President Duterte vows to restore Filipinos' faith in government

Metro Manila (CNN Philippines) Change has come.

President Rodrigo Duterte took his oath as the 16th President of the Philippines at noon on Thursday, succeeding Benigno Aquino III, with a promise to restore the Filipino people’s trust in their leaders.

In a 15-minute inaugural speech, the 71-year-old President addressed what he called was a “deeper and more serious” problem than corruption, crime, and drugs – the principal issues he promised to resolve during the election campaign.

“Erosion of faith and trust in government – that is the real problem that confronts us,” he said. “I see the erosion of the people’s trust in our country’s leaders; the erosion of faith in our judicial system; the erosion of confidence in the capacity of our public servants to make the people’s lives better, safer and healthier.”

Inauguration-Quotegraphic_Rody-Duterte_edited_2.png  

Duterte asked Congress and the Commission on Human Rights (CHR) to allow him “a level of governance that is consistent to our mandate” – a signal to give him a free hand to address problems of ordinary Filipinos, particularly drugs and criminality.

He said his fight against drugs and criminality “will be relentless and it will be sustained” but within the bounds of the law.

He said he was aware that some quarters view his anti-crime methods as unorthodox and verge on the illegal, but assured that as a lawyer and former prosecutor “I know the limits of the power and authority of the president. I know what is legal and what is not.”

Inauguration-Quotegraphic_Rody-Duterte_edited_1.png  

“My adherence to due process and the rule of law is uncompromising. You mind your work and I will mind mine,” he said.

As early as December last year, the CHR said it will gather evidence on Duterte’s alleged human rights abuses, including his alleged involvement in extrajudicial killings as Mayor of Davao City for two decades.

Addressing the international community, he said his government will honor all treaties and obligations, a statement that could mollify the United States amid calls by left-wing groups to scrap the Visiting Forces Agreement and the Enhanced Defense Cooperation Agreement which they say violate the Philippine constitutional ban on foreign military forces on Philippine soil.

Domestically, he said his administration is committed to implement all signed peace agreements in accordance with constitutional and legal reforms.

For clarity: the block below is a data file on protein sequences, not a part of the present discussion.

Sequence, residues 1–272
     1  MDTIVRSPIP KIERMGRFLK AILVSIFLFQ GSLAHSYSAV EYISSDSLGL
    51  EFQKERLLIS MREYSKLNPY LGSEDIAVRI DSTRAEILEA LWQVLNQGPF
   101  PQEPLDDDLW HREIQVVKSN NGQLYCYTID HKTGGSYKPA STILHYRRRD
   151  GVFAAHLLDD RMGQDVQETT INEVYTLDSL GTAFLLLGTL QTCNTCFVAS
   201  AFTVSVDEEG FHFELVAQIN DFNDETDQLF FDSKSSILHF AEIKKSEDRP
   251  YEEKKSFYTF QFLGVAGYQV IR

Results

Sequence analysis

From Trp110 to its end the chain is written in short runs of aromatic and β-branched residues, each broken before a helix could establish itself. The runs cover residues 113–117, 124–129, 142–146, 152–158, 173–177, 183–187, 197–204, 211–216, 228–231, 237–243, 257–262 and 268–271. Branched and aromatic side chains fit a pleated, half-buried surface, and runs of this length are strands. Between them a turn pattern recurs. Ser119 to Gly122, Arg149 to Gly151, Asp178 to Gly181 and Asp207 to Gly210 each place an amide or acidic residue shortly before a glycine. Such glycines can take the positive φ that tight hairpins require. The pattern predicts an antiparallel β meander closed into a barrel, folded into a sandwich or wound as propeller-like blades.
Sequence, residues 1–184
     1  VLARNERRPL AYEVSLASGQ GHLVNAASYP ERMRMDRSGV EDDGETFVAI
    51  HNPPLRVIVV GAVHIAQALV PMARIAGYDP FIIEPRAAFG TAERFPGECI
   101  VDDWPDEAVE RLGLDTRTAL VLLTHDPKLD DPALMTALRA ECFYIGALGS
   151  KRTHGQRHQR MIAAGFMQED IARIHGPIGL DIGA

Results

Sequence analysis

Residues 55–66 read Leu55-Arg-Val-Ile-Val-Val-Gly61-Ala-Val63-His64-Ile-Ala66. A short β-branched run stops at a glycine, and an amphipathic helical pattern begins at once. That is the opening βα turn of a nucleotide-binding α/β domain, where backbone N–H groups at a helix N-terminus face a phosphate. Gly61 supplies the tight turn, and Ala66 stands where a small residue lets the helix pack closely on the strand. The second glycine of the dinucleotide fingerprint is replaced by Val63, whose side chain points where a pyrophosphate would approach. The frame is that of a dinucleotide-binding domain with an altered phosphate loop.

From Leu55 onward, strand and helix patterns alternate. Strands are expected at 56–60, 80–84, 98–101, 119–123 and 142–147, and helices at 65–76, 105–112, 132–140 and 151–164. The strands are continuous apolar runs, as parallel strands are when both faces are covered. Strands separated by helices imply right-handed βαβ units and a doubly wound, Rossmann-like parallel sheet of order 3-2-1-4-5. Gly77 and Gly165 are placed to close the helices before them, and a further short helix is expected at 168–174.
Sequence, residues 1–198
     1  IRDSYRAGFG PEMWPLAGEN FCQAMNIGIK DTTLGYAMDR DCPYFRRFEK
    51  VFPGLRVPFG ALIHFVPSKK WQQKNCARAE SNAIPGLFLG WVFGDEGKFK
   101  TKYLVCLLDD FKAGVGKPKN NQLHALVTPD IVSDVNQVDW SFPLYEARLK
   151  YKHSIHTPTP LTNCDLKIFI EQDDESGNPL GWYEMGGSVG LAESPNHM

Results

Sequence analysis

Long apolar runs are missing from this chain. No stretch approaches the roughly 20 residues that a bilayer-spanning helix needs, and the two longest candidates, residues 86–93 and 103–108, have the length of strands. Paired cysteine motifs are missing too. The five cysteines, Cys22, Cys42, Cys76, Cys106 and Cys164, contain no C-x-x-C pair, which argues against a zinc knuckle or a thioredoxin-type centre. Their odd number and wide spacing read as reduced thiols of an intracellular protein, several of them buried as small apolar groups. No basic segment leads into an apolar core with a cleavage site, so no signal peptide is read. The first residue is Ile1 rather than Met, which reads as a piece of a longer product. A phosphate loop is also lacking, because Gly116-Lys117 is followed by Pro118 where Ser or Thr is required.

“I am elated by the expression of unity among our Moro brothers and leaders, and the response of everyone else to my call for peace,” he said in reference to his recent meeting with leaders of the Moro Islamic Liberation Front and the Moro National Liberation Front.

“I look forward to the participation of all other stakeholders, particularly our indigenous peoples, to ensure inclusivity in the peace process,” he said.

Duterte has anticipated his next six years as the highest official of the land would not be a walk in the park.

“The ride will be rough but come and join me just the same. Together, shoulder to shoulder, let us take the first wobbly steps in this quest,” Duterte said.

Inauguration-Quotegraphic_Rody-Duterte_edited_3.png  

Also read: What are the challenges to Duterte's plans?

His first speech as president was marked by his first spoken order as well – a directive to cut red tape to ease citizens’ dealings with various government agencies.

“I order all secretaries and heads of agencies to remove redundant requirements, and compliance with one department or agency shall be accepted as sufficient for all,” Duterte said.

He also ordered agencies to refrain from changing rules of government contracts and transactions that have already been approved.

“I abhor secrecy, instead advocate transparency in all government contracts from submission of proposals to negotiation to perfection and finally to consummation,” he said.

He even warned the agency heads: “Do them and we will work together. Do not do them we will part ... sooner than later.”

Duterte delivered his first speech before more than 600 guests – diplomats, government officials, his family members, campaign donors, and select supporters – who filled the Rizal Hall of Malacañang.

Looking uncomfortable in a formal Barong Tagalog, Duterte arrived at the Malacañang palace exactly at 10:25 a.m., earlier than expected. He climbed the main staircase of the palace and was welcomed at the top by Aquino.

He swore into office members of his Cabinet and other government officials he had appointed after taking his own oath.